Historical Marker #556 in Johnson County remembers a Civil War skirmish at Paintsville, which led to the subsequent engagement at Half Mountain in Magoffin County.
On April 12, 1864, Union Colonel George W. Gallup arrived in Paintsville, determined to drive Confederate forces from the area. Although Gallup had a large number of Union troops at his disposal, he believed that a Confederate attack at Paintsville was likely. Col. Gallup reinforced the town and posted lookouts at every approach.
On the same day, Confederate troops also began moving toward Paintsville. Marching in darkness, they hoped to surprise Gallop's command. Conflict ensued when Confederate troops approached Union pickets just outside of Paintsville on the morning of April 13.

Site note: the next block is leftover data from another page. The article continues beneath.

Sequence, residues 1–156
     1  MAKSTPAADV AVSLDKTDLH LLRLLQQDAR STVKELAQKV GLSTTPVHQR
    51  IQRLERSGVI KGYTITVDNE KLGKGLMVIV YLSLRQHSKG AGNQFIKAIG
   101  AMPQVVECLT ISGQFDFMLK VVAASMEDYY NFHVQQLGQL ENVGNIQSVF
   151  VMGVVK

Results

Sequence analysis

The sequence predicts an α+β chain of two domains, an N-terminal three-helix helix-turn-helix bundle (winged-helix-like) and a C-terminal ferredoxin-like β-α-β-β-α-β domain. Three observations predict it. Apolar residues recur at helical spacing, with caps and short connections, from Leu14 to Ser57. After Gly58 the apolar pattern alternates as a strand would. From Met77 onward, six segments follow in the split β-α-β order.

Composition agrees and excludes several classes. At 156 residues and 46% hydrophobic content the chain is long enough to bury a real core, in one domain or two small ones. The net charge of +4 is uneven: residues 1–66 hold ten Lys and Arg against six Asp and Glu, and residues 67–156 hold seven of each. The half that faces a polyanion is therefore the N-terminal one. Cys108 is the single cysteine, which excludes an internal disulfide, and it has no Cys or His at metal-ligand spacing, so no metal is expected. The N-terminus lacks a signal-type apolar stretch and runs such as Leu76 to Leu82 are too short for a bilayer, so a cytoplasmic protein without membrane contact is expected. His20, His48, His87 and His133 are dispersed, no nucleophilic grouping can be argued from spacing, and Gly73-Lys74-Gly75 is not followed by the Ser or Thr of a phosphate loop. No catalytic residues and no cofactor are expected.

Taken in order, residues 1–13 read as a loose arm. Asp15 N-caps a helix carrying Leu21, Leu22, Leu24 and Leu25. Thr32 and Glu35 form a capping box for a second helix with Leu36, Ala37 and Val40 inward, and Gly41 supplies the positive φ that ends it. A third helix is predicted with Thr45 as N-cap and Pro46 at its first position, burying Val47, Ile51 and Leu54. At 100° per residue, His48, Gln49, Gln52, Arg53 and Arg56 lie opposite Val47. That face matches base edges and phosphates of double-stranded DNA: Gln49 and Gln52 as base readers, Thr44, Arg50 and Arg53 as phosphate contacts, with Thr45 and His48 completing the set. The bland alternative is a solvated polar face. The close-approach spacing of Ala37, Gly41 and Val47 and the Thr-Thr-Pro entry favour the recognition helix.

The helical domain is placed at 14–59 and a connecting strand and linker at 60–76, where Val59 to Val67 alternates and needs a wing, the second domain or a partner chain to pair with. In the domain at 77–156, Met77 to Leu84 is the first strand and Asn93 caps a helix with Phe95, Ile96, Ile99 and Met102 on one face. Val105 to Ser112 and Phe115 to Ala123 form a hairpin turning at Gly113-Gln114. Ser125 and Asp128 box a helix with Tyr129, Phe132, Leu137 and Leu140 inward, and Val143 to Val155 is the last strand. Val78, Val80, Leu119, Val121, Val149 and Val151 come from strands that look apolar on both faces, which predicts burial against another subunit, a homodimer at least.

The Union forces resisted the attack at Paintsville, which caused Confederate Lieutenant Colonel Ezekiel Clay, a nephew of Kentucky emancipationist Cassius Marcellus Clay, to send in a flag of truce in order to retrieve the dead on the field. Following the truce, the Confederates fled with the Union troops in pursuit.
Finding the Confederates in the valley of the Licking River just south of Salyersville, Gallup ordered his men to attack, which they did "with a yell." The fight at Half Mountain, which lasted more than four hours, ended with the Confederates retiring from the field. Several rebels were wounded, included Ezekiel Clay, who was blinded in one eye.
By April 20, there were no Confederate forces of any considerable size left in eastern Kentucky. Only small-scale military actions occurred in the region following the withdrawal of the Confederate troops.